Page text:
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Popular Points of Interest in and near Travemünde

  • Old Lighthouse & Maritime Museum
    [ source: Wikimedia ]

    Old Lighthouse & Maritime Museum

    The Old Lighthouse, 31 metres high, is situated on the Trave promenade, and was the first in Germany to become operational, in 1539. Today, it houses a maritime museum on eight floors.

    Hours: March - April: Thursday - Sunday 10am - 5pm, May and June: Wednesday - Sunday 10am - 5pm, July and August: Tuesday - Sunday 10am, - 5pm, September and October: Wednesday - Sunday 10am - 5pm. Admission for adults is 2 €, Children under 14 years are 1 €.

  • Flying P-Liner Passat Museum Ship

    Flying P-Liner Passat Museum Ship

    Passat is a German four-masted steel barque and one of the Flying P-Liners, the famous sailing ships of the German shipping company F. Laeisz. The name Passat means trade wind in German. Passat is one of the last surviving windjammers. During its long service, the Passat sailed Cape Horn no fewer than 39 times and circumnavigated the globe in 1932 and 1948. The Passat has been anchored in the Travemünde port since 1960 and has since become one of the city's most famous landmarks. It is now a youth hostel, venue, and museum ship.

    Hours: Easter – mid May: Sat. and Sun. 11am - 4:30pm. Mid May – mid September: daily 10am - 5pm. Mid September – October: Sat. and Sun. 11am - 4:30pm.

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Travel Insider Tips for Travemünde

Travemünde Overview

Travemünde is a borough of Lübeck (Lübeck vacation rentals | Lübeck travel guide), Germany, located at the mouth of river Trave in Lübeck Bay. Travemünde arose out of a stronghold placed here by Henry the Lion, Duke of Saxony, in the 12th century to guard the mouth of the Trave, and the Danes subsequently strengthened it. It became a town in 1317 and in 1329 passed into the possession of the free city of Lübeck, to which it has since belonged. Its fortifications were demolished in 1807.

Travemünde is an old seaside resort (since 1802) and Germany's largest ferry port at the Baltic Sea with destinations to Sweden, Finland and Estonia. The lighthouse is from 1539 and the oldest German lighthouse at the Baltic coast. Another attraction of Travemünde is the Flying P-Liner Passat, a museum ship anchored in the mouth of river Trave.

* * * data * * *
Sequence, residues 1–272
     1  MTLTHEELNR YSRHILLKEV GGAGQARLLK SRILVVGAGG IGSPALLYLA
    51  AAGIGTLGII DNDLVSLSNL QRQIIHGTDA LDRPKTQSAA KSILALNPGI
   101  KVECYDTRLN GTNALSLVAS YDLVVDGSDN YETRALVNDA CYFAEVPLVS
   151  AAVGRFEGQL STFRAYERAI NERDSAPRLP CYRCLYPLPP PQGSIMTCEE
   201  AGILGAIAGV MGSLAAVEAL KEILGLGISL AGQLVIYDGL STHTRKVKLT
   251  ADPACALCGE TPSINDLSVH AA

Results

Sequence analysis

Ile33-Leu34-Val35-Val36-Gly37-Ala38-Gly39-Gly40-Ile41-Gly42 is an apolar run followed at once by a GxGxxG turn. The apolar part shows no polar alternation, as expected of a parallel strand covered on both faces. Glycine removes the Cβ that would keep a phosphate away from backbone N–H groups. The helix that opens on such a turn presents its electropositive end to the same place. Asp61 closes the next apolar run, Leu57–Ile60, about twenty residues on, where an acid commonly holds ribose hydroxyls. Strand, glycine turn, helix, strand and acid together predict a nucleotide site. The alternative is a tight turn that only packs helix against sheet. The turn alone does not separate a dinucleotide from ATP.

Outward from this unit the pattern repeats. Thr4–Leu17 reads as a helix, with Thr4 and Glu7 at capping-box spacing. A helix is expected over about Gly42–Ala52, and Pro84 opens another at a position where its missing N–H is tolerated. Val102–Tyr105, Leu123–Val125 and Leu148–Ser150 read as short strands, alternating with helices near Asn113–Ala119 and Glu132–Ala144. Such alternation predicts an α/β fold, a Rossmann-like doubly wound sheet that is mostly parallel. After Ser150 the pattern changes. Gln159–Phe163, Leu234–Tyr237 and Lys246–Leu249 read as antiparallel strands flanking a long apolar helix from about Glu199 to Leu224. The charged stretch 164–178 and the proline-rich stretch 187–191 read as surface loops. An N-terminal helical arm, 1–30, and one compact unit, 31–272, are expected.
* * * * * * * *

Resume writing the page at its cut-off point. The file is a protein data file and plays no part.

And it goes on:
The annual Travemünder Woche is a traditional sailing race week in Northern Europe. The annual Sand festival in Travemünde ist known as the Sand World.

[ source: Wikipedia ]

Things to See in Travemünde

Travemünde is with his Skandinavienkai one of the most significant German ferry ports of traffic to Finland, Sweden (Malmö, Trelleborg, Gothenburg, Helsingborg), Latvia and Norway

St. Lawrence's Church

Alter Leuchtturm

Beach promenade on Brodt Shore

Seebadmuseum Travemünde, documents the development as a seaside resort of Travemünde, the history of the use of the site as Priwalls for the development of seaplanes (including Dornier) and as a shipyard location

More about the History of Travemünde

Travemünde was founded in 1187. Even with the freedom Lübecker Reich Letter in 1226 was the city of Lübeck (Lübeck vacation rentals | Lübeck travel guide) by Emperor Frederick II, the rights to Travemuende were unknown. Then came the Priwall to Travemünde. In 1329, Travemuende finally went into the possession of the city of Lübeck. Travemuende had been heavily fortified since the days of Henry the Lion, with the fixations taken down in 1807. Travemünde was severely damaged in 1872 by the Baltic Sea storm floods and many houses fell victim. Traces of the storm are still occasionally visible. In 1913 the city of Travemünde and Lübeck were combined.

Have you been longing to travel up to one of Germany's numerous northern beaches? If so, Travemuende might offer just what you are looking for! This community on the Baltic Sear began as a coastal fortress, constructed in the 12th century. It was soon annexed to the city of Luebeck, and the two communities have been linked ever since. Travemuende has been an active seaside resort since the early 1800s. It continues today to attract those seeking a little sun and sand. Today, Travemuende is Germany's largest ferry port on the Baltic Sea with connections to Russia, Finland, Sweden, Latvia, and Estonia. Once you are tired to dipping your toes into the cold Baltic waters, there are plenty of other things to do in the town. Check out the lighthouse, which is the oldest on the Baltic Sea, dating from 1539. If you are interested in maritime history, spend a few hours in the Flying P-Liner Passat, a museum ship anchored at the mouth of the Trave River. This four-masted steel barque or windjammer was launched in 1911, and today it functions as a museum ship and youth hostel. For beach aficionados, Travemuende hosts two festivals that are of particular interest. The Travemuender Woche is a traditional sailing race week held during the summer. Also, an annual sand festival draws sand sculpture enthusiasts to the coast. From Travemuende's location, the most logical day trip would be to Luebeck, which is about 25 minutes away by train. This lovely Hanseatic city with its unique brick buildings is definitely worth the travel time.

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